FOMO: council’s activation plans revealed
By Sean Car
As Victoria slowly emerges from lockdowns, the City of Melbourne will soon look to attract visitors back to the city and its much-loved venues, restaurants and public spaces with a “big old dose of FOMO (fear of missing out)”.
In what comes as welcome news to the city’s businesses and residents following the devastating second wave of COVID-19 in Victoria, the council will soon launch a signature marketing campaign to revive the city with a range of COVID-safe events and activations.
Titled “FOMO”, details of the campaign seen by Docklands News outline a strategy to drive visitors back to the CBD and its surrounds through a series of activities and promotions which showcase the city’s range of uniquely Melbourne experiences.
While research commissioned by the council shows increasing challenges around the likes of crowds and public transport post COVID, consumers say the city is still the best location for events, festivals, museums, galleries, gigs, hospitality and shopping.
The FOMO campaign, expected to launch in January, will seek to reimagine the city and reconnect people with many of its favourite tastes, sounds and experiences that they’ve been “missing out” on during lockdowns.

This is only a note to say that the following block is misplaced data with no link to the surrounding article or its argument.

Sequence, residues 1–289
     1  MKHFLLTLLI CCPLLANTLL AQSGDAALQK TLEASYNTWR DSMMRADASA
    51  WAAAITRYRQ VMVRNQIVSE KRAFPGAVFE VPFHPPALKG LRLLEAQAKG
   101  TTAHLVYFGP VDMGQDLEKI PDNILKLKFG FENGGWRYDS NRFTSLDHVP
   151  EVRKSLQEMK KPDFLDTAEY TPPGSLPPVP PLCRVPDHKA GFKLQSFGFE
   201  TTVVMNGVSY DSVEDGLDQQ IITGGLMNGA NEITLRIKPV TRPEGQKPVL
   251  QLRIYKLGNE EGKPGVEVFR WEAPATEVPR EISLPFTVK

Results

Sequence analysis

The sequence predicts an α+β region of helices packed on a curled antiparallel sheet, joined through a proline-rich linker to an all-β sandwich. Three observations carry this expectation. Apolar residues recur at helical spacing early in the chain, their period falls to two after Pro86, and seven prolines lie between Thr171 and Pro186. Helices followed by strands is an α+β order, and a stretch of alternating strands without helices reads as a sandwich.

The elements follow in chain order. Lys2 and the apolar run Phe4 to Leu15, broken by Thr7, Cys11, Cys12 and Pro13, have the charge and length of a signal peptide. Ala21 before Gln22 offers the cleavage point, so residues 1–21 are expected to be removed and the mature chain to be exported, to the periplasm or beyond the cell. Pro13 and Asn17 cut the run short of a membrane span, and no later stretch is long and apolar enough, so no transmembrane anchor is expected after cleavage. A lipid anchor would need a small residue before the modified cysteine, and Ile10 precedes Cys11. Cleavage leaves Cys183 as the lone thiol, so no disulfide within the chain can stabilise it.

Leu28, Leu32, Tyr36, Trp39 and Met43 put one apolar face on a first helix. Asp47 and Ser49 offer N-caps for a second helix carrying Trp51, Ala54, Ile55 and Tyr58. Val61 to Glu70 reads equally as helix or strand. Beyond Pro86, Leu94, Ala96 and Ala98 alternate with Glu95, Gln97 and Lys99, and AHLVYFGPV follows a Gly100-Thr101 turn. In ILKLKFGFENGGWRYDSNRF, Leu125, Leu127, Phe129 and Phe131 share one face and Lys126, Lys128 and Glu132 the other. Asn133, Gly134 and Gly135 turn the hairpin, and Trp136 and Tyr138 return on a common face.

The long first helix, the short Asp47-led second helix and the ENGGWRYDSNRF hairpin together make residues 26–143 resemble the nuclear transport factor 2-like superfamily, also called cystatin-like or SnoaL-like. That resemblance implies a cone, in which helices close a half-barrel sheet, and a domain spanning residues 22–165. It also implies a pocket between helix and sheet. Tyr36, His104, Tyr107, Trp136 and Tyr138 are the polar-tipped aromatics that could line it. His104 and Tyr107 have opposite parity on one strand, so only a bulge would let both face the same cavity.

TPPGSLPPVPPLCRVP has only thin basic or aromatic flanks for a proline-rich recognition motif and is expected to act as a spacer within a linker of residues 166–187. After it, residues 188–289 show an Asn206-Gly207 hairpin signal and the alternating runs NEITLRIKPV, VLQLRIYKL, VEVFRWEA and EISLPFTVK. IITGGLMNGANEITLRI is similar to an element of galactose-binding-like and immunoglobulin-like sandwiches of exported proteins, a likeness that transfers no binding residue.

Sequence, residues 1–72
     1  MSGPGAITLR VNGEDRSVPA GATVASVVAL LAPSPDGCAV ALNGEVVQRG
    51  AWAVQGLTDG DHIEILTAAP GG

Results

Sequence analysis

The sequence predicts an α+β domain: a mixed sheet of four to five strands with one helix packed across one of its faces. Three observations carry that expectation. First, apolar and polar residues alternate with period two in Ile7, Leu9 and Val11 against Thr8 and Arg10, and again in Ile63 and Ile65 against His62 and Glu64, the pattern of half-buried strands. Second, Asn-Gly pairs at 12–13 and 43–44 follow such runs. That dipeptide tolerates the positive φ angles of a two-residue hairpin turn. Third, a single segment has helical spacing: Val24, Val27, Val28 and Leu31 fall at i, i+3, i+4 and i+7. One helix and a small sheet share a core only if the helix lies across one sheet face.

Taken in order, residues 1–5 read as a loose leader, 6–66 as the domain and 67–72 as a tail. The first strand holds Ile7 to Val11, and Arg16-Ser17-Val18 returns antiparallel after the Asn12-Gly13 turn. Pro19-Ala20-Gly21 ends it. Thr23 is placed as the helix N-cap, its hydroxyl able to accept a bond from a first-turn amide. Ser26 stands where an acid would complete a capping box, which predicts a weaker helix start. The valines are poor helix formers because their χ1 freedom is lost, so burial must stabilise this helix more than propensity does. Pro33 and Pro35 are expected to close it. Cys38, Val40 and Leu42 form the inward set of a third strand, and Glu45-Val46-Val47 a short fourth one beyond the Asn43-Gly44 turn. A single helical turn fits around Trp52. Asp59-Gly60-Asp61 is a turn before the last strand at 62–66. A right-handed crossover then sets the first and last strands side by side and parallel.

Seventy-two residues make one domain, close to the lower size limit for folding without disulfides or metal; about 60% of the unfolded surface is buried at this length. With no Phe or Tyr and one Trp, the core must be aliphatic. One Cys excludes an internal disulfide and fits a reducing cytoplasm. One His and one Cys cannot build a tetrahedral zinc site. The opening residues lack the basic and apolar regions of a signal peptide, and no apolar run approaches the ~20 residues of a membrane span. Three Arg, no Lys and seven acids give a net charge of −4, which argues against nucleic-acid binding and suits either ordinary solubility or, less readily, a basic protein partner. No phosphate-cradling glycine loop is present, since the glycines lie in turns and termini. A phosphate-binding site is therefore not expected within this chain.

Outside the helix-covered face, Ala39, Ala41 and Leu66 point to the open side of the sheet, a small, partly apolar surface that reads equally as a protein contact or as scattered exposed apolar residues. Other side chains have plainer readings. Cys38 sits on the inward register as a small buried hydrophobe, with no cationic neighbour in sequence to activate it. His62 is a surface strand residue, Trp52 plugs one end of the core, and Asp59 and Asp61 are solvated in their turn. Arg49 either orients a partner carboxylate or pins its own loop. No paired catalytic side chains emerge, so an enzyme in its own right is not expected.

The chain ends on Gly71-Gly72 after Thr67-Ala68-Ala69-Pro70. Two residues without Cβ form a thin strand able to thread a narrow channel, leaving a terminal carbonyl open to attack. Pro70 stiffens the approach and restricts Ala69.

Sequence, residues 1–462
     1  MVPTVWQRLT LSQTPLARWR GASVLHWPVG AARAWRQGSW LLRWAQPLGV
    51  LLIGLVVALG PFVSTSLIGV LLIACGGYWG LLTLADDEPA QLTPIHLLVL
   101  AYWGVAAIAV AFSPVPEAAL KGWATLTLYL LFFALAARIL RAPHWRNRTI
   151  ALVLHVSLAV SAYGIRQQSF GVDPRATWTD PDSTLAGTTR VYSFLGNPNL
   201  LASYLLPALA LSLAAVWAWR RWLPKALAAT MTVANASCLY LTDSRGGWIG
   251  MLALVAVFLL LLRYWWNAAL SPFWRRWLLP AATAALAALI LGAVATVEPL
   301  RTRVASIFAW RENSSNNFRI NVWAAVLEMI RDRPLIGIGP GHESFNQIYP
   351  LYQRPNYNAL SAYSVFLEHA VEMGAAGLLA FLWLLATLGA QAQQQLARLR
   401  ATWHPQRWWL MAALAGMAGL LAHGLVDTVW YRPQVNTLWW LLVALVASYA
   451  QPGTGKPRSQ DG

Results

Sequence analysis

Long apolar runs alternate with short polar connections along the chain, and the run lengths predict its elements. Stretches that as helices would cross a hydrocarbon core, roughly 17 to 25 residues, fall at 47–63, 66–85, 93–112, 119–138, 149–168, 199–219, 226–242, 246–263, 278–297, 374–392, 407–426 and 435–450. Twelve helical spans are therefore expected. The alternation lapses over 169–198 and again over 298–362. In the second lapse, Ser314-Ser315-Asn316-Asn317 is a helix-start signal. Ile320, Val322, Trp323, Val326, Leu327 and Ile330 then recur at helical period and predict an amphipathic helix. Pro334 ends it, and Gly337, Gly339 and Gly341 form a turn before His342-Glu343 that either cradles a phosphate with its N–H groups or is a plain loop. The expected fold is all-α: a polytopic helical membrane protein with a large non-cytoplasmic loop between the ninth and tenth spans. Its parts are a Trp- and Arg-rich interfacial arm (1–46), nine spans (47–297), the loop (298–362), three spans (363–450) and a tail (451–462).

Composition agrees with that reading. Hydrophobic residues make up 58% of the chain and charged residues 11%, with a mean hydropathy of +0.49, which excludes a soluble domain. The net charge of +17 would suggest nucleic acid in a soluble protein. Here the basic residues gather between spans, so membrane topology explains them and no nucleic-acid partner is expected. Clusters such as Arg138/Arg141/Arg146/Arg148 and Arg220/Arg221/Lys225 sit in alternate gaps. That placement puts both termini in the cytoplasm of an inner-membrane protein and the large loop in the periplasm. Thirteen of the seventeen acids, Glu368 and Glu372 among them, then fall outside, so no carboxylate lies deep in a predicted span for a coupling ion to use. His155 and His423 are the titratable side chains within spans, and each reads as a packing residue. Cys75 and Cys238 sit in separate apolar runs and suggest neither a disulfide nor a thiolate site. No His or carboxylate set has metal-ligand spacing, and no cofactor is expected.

Showcasing the best Melbourne has to offer to drive a real sense of FOMO, planned events and exclusive offers from the city’s favourite venues and businesses will be aimed at drawing people back in a COVID-safe manner.
Further details around some of the campaign’s activation ideas are expected to be announced later this year but many initiatives to support the strategy, such as pedestrianisation of “little streets” and outdoor dining infrastructure, are already being actioned.
But some promotions earmarked in the strategy, such as “FOMO Fridays” and dedicated FOMO events, will seek to partner with the city’s precincts and businesses to provide special offers and experiences. Other activations flagged incorporate a range of ideas already canvassed publicly such as outdoor entertainment, dining and wayfinding experiences.
With the CBD bearing the brunt of Victoria’s economic decline from the second wave of coronavirus, talk of plans to revive the city is nothing new, with Lord Mayor Sally Capp having established a high-profile advisory board in July to provide ideas to the council.
The City of Melbourne also established the City of the Future/Recovery Taskforce at the start of the pandemic, and in September councillors endorsed a COVID-19 reactivation and recovery plan. This was supported by a joint $100 million recovery fund with the state government dedicated to the central city.
October 26 also saw the launch of the “Let’s Melbourne Again” campaign by a host of big businesses, creative institutions and the City of Melbourne, aimed at encouraging people to return to the city.
City of Melbourne CEO Justin Hanney said the coming months would see the rollout of many initiatives from its reactivation and recovery plan.
“We will dramatically increase our marketing program to draw people back into the city. Our marketing of the city will be intensive, creative and highly collaborative, with opportunities for businesses to participate,” he said.